A Danish study finds an increased risk of heart attacks in people whose genes give them high blood levels of a cholesterol-related blood fat, lipoprotein(a), but the researchers say more work is needed to justify treatment to reduce those levels.
"We show that those with the 10 percent highest lipoprotein(a) have a two- to threefold increased risk of myocardial infarction [heart attack], similar to that for the highest LDL cholesterol levels," said Dr. Borge G. Nordestgaard, a professor of clinical biochemistry at Copenhagen University, and lead author of a report in the June 10 issue of the Journal of the American Medical Association.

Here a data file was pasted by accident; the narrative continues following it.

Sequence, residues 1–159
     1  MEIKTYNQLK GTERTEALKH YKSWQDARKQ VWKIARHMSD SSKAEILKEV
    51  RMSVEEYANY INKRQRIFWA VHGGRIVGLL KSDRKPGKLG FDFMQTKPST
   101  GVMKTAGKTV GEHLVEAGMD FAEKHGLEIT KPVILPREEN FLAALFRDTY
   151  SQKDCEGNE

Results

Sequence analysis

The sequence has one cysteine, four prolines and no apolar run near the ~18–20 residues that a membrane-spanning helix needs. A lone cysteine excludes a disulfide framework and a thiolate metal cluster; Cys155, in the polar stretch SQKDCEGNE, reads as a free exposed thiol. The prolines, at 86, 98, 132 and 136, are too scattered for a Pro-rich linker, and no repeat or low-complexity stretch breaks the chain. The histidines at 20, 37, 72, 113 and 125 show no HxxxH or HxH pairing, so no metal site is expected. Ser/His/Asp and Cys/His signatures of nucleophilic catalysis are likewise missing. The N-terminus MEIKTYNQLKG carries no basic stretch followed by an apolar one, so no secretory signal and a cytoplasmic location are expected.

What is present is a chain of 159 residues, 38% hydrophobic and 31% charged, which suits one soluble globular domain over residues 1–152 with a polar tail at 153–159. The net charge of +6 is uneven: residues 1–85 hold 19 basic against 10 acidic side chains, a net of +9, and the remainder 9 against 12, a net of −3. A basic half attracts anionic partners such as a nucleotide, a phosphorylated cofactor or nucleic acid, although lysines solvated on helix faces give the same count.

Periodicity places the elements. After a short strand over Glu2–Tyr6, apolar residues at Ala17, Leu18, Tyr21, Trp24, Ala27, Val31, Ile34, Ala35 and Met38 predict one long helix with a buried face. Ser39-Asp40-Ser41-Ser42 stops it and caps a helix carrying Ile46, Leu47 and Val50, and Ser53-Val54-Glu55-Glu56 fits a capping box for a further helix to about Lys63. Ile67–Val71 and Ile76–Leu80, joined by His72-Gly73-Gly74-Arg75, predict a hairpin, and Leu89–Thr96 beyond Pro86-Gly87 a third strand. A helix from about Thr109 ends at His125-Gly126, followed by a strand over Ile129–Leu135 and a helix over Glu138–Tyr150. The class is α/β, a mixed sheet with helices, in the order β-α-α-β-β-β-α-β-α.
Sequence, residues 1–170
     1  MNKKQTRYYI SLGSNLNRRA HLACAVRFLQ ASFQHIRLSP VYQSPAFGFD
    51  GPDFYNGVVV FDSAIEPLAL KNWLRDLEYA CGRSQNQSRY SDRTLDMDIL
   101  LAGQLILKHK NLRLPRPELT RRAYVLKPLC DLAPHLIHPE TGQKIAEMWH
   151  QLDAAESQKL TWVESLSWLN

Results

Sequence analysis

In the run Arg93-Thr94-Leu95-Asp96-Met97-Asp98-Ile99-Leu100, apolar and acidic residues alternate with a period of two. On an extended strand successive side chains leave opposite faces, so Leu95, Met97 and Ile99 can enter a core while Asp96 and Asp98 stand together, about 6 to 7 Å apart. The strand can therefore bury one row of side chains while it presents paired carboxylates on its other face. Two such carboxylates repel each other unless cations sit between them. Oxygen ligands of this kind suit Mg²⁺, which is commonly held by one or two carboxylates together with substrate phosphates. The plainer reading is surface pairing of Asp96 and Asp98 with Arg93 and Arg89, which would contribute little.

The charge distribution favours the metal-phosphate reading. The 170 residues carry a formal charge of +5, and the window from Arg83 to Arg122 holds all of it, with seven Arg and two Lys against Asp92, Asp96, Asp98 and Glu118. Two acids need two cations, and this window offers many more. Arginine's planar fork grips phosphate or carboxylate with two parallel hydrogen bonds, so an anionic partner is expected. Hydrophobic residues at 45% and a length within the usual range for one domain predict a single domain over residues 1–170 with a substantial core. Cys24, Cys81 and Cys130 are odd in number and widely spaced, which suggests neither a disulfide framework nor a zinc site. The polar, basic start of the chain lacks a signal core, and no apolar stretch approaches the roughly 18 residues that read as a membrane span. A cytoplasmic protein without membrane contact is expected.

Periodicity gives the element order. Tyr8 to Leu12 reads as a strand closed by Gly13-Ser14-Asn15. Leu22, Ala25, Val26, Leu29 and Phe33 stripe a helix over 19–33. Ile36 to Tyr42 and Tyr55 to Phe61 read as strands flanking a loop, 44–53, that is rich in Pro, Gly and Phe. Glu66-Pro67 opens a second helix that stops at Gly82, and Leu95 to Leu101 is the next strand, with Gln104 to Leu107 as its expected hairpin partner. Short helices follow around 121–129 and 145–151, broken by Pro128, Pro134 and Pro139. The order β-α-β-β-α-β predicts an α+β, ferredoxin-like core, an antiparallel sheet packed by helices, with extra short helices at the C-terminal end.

However, a large-scale trial is needed to tell whether drugs aimed at reducing lipoprotein(a) (LPA) levels would lower the risk, Nordestgaard said. One compound, niacin, also known as nicotinic acid or vitamin B3, is known to reduce LPA levels, he said.
"I am not aware of other drugs being developed to lower lipoprotein(a), but I certainly hope that our study will make big pharmaceutical companies interested in developing such drugs," Nordestgaard said. Read more…